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Daily Security Tips from Ed Skoudis - Week of January 27, 2003

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Take a tip from Ed Skoudis, writer of "Counter Hack," as he shares a daily nugget of his knowledge of information security. Invest a minute of your day to learn something new about protecting your information assets.
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Security Tip for Friday, January 31st, 2003

Talk About Monitoring in Your Warning Banners

Everyone knows you should have warning banners on your machines, alerting users who are logging in that they shouldn't do bad things. However, most warning banners leave out a crucial component of the warning. Your warning banner must state: "The use of the system may be monitored and recorded." This line informs users that they have limitations to their expectation of privacy on the system. It arms your incident handling team with the ability to monitor users' sessions when foul play is suspected. If you ever want to monitor an individual user's activities, however, make sure you get written approval from your HR organization to ensure you aren't violating the law.

Security Tip for Thursday, January 30th, 2003

Check for Hidden Data in Windows Alternate Data Streams

Attackers frequently hide data on Windows systems using Alternate Data Streams (ADSs). Any file or folder on a Windows partition formatted for NTFS can have arbitrarily large numbers of hidden files attached to them. These alternate data streams hide behind the original file or folder, and do not show up in Windows Explorer or a command-line dir listing. To find malicious files hidden in alternate data streams, use the free LADS tool by Frank Heyne available at http://www.heysoft.de/nt/ep-lads.htm. Note that some applications, such as word processors, store legitimate data in ADSs. Therefore, if you discover an ADS on your machine, look at the data to determine if it's malicious.

Security Tip for Wednesday, January 29th, 2003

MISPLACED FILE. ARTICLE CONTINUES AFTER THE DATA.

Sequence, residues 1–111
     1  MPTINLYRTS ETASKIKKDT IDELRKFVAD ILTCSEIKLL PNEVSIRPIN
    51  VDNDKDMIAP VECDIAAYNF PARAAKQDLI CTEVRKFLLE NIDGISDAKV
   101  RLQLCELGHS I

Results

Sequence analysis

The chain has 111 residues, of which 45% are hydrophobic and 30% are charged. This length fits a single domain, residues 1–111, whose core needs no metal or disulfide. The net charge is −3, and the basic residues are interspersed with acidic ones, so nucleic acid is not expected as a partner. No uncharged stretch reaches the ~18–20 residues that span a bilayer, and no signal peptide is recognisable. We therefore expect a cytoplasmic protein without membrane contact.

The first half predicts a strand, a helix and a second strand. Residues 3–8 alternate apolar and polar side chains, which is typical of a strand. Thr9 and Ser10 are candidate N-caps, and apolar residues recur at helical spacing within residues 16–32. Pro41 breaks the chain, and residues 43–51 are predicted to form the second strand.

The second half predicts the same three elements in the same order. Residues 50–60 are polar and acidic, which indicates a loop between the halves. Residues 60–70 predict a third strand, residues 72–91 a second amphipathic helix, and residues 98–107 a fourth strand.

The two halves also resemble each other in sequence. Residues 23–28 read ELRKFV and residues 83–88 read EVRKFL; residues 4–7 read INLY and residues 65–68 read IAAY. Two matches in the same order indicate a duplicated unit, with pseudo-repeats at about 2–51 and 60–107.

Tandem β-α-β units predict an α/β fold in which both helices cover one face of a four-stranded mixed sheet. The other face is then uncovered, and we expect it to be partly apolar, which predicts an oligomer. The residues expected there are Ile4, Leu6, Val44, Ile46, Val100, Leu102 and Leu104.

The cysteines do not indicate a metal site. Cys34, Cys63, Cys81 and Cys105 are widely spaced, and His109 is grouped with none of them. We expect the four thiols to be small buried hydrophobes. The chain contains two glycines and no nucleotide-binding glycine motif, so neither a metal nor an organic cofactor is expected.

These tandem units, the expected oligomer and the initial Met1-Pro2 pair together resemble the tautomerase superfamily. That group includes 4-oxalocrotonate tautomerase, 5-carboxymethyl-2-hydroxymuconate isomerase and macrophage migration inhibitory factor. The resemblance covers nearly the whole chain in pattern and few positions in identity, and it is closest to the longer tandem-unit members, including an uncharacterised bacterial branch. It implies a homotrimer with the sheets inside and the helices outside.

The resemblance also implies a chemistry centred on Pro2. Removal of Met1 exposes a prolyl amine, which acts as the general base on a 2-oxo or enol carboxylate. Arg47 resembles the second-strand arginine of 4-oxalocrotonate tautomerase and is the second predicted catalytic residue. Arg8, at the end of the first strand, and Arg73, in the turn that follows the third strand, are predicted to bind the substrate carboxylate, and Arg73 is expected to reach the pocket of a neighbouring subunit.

When Grabbing a System Snapshot for Forensics, Grab Everything

When handling computer attack incidents, you need to create a copy of the impacted system early on in the incident handling process. Don't execute a bunch of commands before getting a backup of the system, because any commands you run could alter the crucial evidence you need to nab and prosecute the attacker. When making your backup for detailed forensics analysis, make sure you get a complete, bit-by-bit backup of the impacted system. If you just get a copy of allocated space, you'll likely miss a bunch of useful evidence. To get all of the evidence from your drive, make sure you get a copy of:

Allocated space (regular space where files are written)

Unallocated space (unused space where deleted files may still linger)

Slack space (extra space where a file doesn't fill an entire block, but may contain the attacker's data)

Bad blocks (which could be damaged space on the hard drive, or possibly a place where attackers hide data)

The dd program can be used on UNIX or Windows to get a copy of all of these items.

Security Tip for Tuesday, January 28th, 2003

Use a Separate Log Server to Minimize Log Alteration Attacks

Most attackers with any degree of skill alter the logs of a victim machine to hide their nefarious deeds. After taking over a system, attackers often delete incriminating log entries that show how they got in, or even put false entries in the logs to throw off your investigation. To minimize the possibility of log alteration by attackers, configure your machines to log to a separate logging server, especially your DMZ systems. If bad guys hack into your web server or DNS server, they won't be able to alter the logs, which are stored on a separate machine. The bad guy will have to attack your logging server, which should be very carefully hardened. On UNIX, the built-in syslog tool can send logs across the network to a logging server. On Windows, a variety of third-party logging tools support remote logging, such as TNT Software's ELM tools (http://www.tntsoftware.com/).

Security Tip for Monday, January 27th, 2003

Keep Your Domain Name Registration Current

When you registered your domain name (such as counterhack.net), you provided the technical, billing, and administrative contact names, addresses, and phone numbers for your organization. This data is publicly available on your registrar's web site, through a whois lookup. Make sure you keep your registration information up to date by checking it every quarter using the whois look up capabilities of your registrar (such as http://www.netsol.com/cgi-bin/whois/whois).

To help prevent social engineers from using the name and address information, consider using organization names instead of individual names for your registration contacts. For example, instead of listing "Fred Smith" as your technical contact, consider using "Internet Gateway Management Team". Regardless of whether you use a human or organization name, make sure you have a responsive person assigned to field calls and e-mails sent to your contact! You may get some very important indications about security attacks via this channel. Finally, make sure you know when your registration is scheduled to expire, and renew early to prevent someone from scooping up your domain name and stealing your traffic. Write this expiration date on your calendar so you don't forget to renew!

Check back here every weekday for another security tip!

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